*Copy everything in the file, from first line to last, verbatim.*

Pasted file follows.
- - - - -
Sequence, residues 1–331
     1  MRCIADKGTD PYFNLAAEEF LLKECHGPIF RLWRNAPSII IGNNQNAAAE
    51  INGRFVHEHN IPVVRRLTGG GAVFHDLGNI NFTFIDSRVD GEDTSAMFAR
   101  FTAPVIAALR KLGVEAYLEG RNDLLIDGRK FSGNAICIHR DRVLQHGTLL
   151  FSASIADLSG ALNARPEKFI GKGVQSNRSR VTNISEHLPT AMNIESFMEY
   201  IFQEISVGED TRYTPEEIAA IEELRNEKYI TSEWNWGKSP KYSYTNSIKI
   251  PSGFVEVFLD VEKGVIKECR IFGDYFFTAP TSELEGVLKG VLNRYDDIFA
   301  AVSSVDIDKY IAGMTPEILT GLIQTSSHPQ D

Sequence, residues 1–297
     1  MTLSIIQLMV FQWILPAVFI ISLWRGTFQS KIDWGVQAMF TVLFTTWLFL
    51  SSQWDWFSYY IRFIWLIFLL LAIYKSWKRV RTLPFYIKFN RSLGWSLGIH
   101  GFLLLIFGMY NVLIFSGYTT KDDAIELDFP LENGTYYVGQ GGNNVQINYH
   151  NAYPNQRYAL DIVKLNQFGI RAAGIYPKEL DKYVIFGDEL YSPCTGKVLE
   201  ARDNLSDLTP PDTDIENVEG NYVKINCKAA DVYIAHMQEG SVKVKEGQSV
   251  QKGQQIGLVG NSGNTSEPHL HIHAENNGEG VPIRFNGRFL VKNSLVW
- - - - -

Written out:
Sequence, residues 1–331
     1  MRCIADKGTD PYFNLAAEEF LLKECHGPIF RLWRNAPSII IGNNQNAAAE
    51  INGRFVHEHN IPVVRRLTGG GAVFHDLGNI NFTFIDSRVD GEDTSAMFAR
   101  FTAPVIAALR KLGVEAYLEG RNDLLIDGRK FSGNAICIHR DRVLQHGTLL
   151  FSASIADLSG ALNARPEKFI GKGVQSNRSR VTNISEHLPT AMNIESFMEY
   201  IFQEISVGED TRYTPEEIAA IEELRNEKYI TSEWNWGKSP KYSYTNSIKI
   251  PSGFVEVFLD VEKGVIKECR IFGDYFFTAP TSELEGVLKG VLNRYDDIFA
   301  AVSSVDIDKY IAGMTPEILT GLIQTSSHPQ D

Sequence, residues 1–297
     1  MTLSIIQLMV FQWILPAVFI ISLWRGTFQS KIDWGVQAMF TVLFTTWLFL
    51  SSQWDWFSYY IRFIWLIFLL LAIYKSWKRV RTLPFYIKFN RSLGWSLGIH
   101  GFLLLIFGMY NVLIFSGYTT KDDAIELDFP LENGTYYVGQ GGNNVQINYH
   151  NAYPNQRYAL DIVKLNQFGI RAAGIYPKEL DKYVIFGDEL YSPCTGKVLE
   201  ARDNLSDLTP PDTDIENVEG NYVKINCKAA DVYIAHMQEG SVKVKEGQSV
   251  QKGQQIGLVG NSGNTSEPHL HIHAENNGEG VPIRFNGRFL VKNSLVW